A tax on rent, if extending to this portion of it, would discourage landlords from making improvements: but it does not follow that it would raise the price of agricultural produce. The same improvements might be made with the tenant's capital, or even with the landlord's if lent by him to the tenant; provided he is willing to give the tenant so long a lease as will enable him to indemnify himself before it expires. But whatever hinders improvements from being made in the manner in which people prefer to make them, will often prevent them from being made at all: and on this account a tax on rent would be inexpedient, unless some means could be devised of excluding from its operation that portion of the nominal rent which may be regarded as landlord's profit. This argument, however, is not needed for the condemnation of such a tax. A peculiar tax on the income of any class, not balanced by taxes on other classes, is a violation of justice, and amounts to a partial confiscation. I have already shown grounds for excepting from this censure a tax which, sparing existing rents, should content itself with appropriating a portion of any future increase arising from the mere action of natural causes. But even this could not be justly done,

without offering as an alternative the market price of the land. In the case of a tax on rent which is not peculiar, but accompanied by an equivalent tax on other incomes, the objection grounded on its reaching the profit arising from improvements is less applicable: since, profits being taxed as well as rent, the profit which assumes the form of rent is liable to its share in common with other profits; but since profits altogether ought, for reasons formerly stated, to be taxed somewhat lower than rent properly so called, the objection is only diminished, not removed.

§ 3. A tax on profits, like a tax on rent, must, at least in its immediate operation, fall wholly on the payer.

All profits being alike affected, no relief can be obtained by a change of employment. If a tax were laid on the profits of any one branch of productive employment, the tax would be virtually an increase of the cost of production, and the value and price of the article would rise accordingly; by which the tax would be thrown upon the consumers of the commodity, and would not affect profits. But a general and equal tax on all profits would not affect general prices, and would fall, at least in the first instance, on capitalists alone.

There is, however, an ulterior effect, which, in a rich and prosperous country, requires to be taken into account. When the capital accumulated is so great and the rate of annual accumulation so rapid, that the country is only kept from attaining the stationary state by the emigration of capital, or by continual improvements in production; any circumstance which virtually lowers the rate of profit, cannot be without a decided influence on these phenomena. It may operate in different ways. The curtailment of profit, and the consequent increased difficulty in making a fortune or obtaining a subsistence by the employment of capital, may act as a stimulus to inventions, and to the use of them when made. If improvements in production are much accelerated, and if these improvements cheapen, directly or indirectly, any of the things habitually consumed by the labourer, profits may rise, and rise sufficiently to make up for all that is taken from them by the tax. In that case the tax will have been realized without loss to any one, the produce of the country being increased by an equal, or what would in that case be a far greater amount. The tax, however, must even in this case be considered as paid from profits, because the receivers of profits are those who would be benefited if it were taken off.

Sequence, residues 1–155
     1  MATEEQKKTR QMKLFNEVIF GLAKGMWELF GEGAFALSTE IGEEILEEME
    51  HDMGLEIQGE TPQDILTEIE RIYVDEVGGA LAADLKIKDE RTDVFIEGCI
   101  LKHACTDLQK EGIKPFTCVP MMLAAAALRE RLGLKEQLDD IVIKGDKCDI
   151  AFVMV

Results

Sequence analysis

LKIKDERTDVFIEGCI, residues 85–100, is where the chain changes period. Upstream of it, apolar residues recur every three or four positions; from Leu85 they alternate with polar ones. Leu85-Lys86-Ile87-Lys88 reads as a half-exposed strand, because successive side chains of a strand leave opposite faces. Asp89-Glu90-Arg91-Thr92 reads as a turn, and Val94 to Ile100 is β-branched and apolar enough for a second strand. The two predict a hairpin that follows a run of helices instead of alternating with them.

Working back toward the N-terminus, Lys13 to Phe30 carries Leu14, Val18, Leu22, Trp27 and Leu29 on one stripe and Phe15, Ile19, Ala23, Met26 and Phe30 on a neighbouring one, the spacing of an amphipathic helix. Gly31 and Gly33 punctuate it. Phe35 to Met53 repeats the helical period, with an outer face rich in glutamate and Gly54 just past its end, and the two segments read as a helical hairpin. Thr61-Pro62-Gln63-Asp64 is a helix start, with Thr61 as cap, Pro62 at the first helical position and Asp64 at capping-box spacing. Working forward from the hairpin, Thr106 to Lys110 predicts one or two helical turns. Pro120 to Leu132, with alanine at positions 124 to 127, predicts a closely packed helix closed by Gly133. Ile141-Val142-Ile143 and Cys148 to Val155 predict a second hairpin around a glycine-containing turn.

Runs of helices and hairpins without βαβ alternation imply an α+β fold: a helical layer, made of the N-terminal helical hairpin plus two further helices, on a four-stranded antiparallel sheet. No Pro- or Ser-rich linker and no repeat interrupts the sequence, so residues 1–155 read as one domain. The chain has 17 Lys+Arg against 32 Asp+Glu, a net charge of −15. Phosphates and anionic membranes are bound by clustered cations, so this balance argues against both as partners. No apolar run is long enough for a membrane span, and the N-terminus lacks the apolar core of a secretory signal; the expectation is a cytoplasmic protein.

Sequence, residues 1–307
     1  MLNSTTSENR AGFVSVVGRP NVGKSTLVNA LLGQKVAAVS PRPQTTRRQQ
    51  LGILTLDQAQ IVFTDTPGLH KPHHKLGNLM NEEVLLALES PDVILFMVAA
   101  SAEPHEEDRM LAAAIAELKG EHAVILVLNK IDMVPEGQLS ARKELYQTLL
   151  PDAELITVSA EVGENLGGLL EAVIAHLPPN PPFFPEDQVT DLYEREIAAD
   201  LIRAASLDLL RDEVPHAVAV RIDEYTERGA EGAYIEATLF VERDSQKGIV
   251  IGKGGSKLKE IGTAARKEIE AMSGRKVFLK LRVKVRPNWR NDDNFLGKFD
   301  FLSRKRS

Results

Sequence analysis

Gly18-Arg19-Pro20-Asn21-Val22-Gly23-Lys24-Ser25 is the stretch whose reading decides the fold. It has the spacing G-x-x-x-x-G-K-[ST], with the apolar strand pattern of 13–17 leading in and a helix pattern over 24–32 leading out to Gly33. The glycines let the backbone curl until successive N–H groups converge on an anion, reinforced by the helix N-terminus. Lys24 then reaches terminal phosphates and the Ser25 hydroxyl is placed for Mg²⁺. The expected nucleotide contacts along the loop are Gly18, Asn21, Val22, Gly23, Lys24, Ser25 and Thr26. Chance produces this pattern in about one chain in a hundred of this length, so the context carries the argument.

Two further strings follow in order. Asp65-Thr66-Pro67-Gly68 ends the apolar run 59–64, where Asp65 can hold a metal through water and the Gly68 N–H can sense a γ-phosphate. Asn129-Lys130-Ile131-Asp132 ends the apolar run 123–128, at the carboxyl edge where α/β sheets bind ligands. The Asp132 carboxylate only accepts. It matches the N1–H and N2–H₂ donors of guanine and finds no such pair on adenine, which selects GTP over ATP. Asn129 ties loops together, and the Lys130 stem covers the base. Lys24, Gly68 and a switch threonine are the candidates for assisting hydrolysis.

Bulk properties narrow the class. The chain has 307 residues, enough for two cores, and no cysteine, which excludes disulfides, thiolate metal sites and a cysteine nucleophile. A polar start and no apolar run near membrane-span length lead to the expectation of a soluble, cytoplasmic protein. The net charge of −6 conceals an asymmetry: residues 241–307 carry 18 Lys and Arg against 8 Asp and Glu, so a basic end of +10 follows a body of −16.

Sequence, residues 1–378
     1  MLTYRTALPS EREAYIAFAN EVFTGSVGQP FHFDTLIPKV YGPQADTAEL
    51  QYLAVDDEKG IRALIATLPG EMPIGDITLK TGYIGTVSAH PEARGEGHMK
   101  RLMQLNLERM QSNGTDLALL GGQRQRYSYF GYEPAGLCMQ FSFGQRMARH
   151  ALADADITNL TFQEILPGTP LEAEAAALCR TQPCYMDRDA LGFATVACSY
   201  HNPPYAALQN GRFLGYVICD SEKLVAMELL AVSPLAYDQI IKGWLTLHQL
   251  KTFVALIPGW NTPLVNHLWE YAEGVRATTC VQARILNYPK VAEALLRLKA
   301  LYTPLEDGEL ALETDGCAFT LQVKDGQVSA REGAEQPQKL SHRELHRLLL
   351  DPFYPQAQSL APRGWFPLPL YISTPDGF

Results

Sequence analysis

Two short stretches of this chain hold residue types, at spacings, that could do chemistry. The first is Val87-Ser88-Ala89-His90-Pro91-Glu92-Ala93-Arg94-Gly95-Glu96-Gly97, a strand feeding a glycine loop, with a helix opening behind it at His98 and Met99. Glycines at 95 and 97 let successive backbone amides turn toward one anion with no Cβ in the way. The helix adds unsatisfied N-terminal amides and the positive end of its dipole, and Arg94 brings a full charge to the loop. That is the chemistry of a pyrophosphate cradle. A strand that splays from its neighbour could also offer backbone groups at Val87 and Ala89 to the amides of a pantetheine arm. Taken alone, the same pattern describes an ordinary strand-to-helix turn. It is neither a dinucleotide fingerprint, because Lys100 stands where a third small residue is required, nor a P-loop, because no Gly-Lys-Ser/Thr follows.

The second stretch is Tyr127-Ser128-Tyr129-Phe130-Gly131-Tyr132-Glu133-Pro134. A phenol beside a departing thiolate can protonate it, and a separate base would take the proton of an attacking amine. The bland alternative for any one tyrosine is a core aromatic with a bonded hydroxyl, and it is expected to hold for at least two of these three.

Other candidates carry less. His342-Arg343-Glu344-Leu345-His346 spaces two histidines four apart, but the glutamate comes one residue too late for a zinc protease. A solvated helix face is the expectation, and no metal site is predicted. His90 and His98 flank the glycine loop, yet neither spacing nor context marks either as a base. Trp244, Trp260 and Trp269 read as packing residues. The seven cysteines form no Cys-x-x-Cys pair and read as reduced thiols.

But though the artificial abstraction of a portion of profits would have a real tendency to accelerate improvements in production, no considerable improvements might actually result, or only of such a kind as not to raise general profits at all, or not to raise thein so much as the tax had diminished them. If so, the rate of profit would be brought closer to that practical minimum, to which it is constantly approaching: and this diminished return to capital would either give a decided check to further accumulation, or would cause a greater proportion than before of the annual increase to be sent abroad, or wasted in unprofitable speculations. At its first imposition the tax falls wholly on profits: but the amount of increase of capital, which the tax prevents, would, if it had been allowed to continue, have tended to reduce profits to the same level; and at every period of ten or twenty years there will be found less difference between profits as they are, and profits as they would in that case have been: until at last there is no difference, and the tax is thrown either upon the labourer or upon the landlord. The real effect of a tax on profits is to make the country possess at any given period, a smaller capital and a smaller aggregate production, and to make the stationary state be attained earlier, and with a smaller sum of national wealth. It is possible that a tax on profits might even diminish the existing capital of the country. If the rate of profit is already at the practical minimum, that is, at the point at which all that portion of the annual increment which would tend to reduce profits is carried off